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You may be surprised to learn home health agencies receive the most calls around the holidays. Adult children visiting their aging parents come away concerned about their parents’ safety at home.

As a local occupational therapist and certified aging in place specialist, I work to maximize safety and independence in the home for aging adults and to educate and support caregivers in our community.

I most commonly receive calls from families after a hospital visit, a traumatic experience, or an earth-shattering diagnosis. But I wish families were having these conversations much sooner.

Did you know the average length of a hospital stay is three to five days? If you qualify for an inpatient rehab center, the average length of stay is 10-13 days. This leaves a maximum of just over two weeks to deal with often massively life-altering health events. Unwelcome change happens fast.

Awareness and preparation can soften the blow of life-altering events and provide more options in the aftermath. We must normalize conversations around aging within our families and community members.

In my experience, there are five common barriers to older adults being able to live safely and independently in their home as they age in order of significance:

•  Fear of vulnerability
•  Need for support
•  Home safety
•  Personal health
•  Financial considerations

Despite research data and poll results indicating that there is a 100 percent chance we all age and eventually die, individually, we hold onto either the ideal of happy and healthy living or the desperation and fear of change. This is to our detriment.

Fear of Vulnerability — This understandable concern contributes to an individual’s unwillingness to acknowledge their needs and ask for help. This is first on the list because the fear of losing independence is frequently the toughest nut to crack when you are trying to plan ahead on the complex and deeply personal topic of aging. It requires insight and humility to realize you need support and ask for it.

Often I find the aging person wants the security of knowing their desires and concerns will be considered and taken seriously if and when they accept support. These conversations go best when there is empathy and understanding on both sides.

Need for Support — In addition to family members, there are social resources available. If you require assistance with transportation, grocery shopping, medication management, getting dressed, or showering — who’s going to help with that? Sometimes this is a family member. Sometimes it’s a home health aide. Sometimes it’s a mix of several resources.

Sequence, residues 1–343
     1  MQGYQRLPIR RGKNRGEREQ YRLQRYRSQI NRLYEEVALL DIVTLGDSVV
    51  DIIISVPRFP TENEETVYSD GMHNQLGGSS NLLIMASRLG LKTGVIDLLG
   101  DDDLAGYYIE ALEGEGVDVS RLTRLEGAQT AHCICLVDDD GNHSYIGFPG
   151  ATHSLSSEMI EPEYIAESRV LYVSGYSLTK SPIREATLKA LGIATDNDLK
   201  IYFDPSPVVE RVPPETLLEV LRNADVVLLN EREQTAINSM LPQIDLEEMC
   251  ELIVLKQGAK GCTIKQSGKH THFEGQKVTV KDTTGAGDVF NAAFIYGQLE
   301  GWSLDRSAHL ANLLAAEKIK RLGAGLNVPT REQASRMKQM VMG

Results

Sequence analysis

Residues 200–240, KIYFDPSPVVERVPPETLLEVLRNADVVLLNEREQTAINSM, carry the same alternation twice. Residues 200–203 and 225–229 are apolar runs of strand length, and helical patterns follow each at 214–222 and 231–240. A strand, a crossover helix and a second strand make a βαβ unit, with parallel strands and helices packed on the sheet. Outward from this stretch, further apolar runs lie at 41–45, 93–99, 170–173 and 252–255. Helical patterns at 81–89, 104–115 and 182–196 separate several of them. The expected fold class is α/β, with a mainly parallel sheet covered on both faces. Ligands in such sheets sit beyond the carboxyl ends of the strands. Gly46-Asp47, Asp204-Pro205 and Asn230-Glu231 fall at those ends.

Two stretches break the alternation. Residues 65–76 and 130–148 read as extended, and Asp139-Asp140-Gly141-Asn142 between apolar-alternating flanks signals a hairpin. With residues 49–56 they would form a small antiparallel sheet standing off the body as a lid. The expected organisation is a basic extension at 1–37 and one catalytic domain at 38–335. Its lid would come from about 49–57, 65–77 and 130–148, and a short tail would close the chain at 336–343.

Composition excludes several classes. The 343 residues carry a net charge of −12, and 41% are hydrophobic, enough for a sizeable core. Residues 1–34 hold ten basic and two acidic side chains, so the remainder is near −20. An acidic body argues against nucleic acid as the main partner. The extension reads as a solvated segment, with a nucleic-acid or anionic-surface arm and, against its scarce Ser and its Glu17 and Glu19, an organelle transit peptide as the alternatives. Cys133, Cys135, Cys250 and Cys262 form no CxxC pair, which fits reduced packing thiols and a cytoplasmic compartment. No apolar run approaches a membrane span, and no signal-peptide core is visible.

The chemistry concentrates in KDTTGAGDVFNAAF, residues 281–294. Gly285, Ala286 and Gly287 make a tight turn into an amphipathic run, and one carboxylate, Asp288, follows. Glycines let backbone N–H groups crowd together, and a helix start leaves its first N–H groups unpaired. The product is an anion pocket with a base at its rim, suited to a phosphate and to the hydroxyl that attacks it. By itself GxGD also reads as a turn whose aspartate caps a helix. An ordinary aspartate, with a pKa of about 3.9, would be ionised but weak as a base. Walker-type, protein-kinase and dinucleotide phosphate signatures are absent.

Home Safety — This refers to how safe and accessible the home is. Identifying the needs and finding the right support within your budget is time consuming and takes intentionality and planning. Having professional support can often save time and money by getting things done right the first time, especially when it comes to small or large home modifications.

If you are an older adult admitted to the hospital, you will be asked questions about the accessibility of your home because this greatly influences your discharge plan. For example, two patients with the same functional ability and diagnosis will require two different discharge plans if one has a no-step entry versus the other who has 12 steps to enter their home. The one may be able to go home from the hospital while the other will require an inpatient rehab stay to build back the strength to safely climb a dozen steps.

Personal Health — You may wonder why personal health is so low on the list of barriers. I’ve seen individuals and families weather some scary and uncertain health situations provided the proper support was available and adequate home preparations were made. You may have heard the nihilistic phrase: eat right, exercise daily, die anyway. There are certainly things we can do and should be doing to maximize our strength and longevity. There are also many factors outside of our control.

Financial Considerations — Ignorance is rarely bliss in this category. In my experience, financial concerns cause the most anxiety because they feel like such an unknown. What does it cost to add a ramp? What does home health care cost in terms of time and money?

Here are a few things that help: (1) knowing your financial standing is a powerful step in your journey of planning your future, and (2) knowing what options are available locally within your budget.

If you are a caregiver, older adult, adult child of an aging parent, or an aware friend reading this, and feeling concerned about the health of yourself or a loved one, know that you are not alone. The next article in this series will continue the challenge of having normal, day-to-day conversations around aging, this time with a look at the role of the family caregiver.

Andrew Myers founded Universal Home Consulting to provide home safety assessments and caregiver support and education.


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